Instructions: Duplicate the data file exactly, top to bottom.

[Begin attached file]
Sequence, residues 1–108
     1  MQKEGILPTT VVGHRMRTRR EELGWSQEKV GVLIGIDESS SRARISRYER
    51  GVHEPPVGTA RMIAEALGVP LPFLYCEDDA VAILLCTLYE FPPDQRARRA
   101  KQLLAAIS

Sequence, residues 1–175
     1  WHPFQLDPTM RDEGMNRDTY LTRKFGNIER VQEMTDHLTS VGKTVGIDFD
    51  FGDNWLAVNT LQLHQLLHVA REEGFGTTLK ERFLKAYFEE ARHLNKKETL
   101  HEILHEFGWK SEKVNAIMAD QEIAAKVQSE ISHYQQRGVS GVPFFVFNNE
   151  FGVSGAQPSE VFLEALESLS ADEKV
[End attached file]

Sequence, residues 1–108
     1  MQKEGILPTT VVGHRMRTRR EELGWSQEKV GVLIGIDESS SRARISRYER
    51  GVHEPPVGTA RMIAEALGVP LPFLYCEDDA VAILLCTLYE FPPDQRARRA
   101  KQLLAAIS

Sequence, residues 1–175
     1  WHPFQLDPTM RDEGMNRDTY LTRKFGNIER VQEMTDHLTS VGKTVGIDFD
    51  FGDNWLAVNT LQLHQLLHVA REEGFGTTLK ERFLKAYFEE ARHLNKKETL
   101  HEILHEFGWK SEKVNAIMAD QEIAAKVQSE ISHYQQRGVS GVPFFVFNNE
   151  FGVSGAQPSE VFLEALESLS ADEKV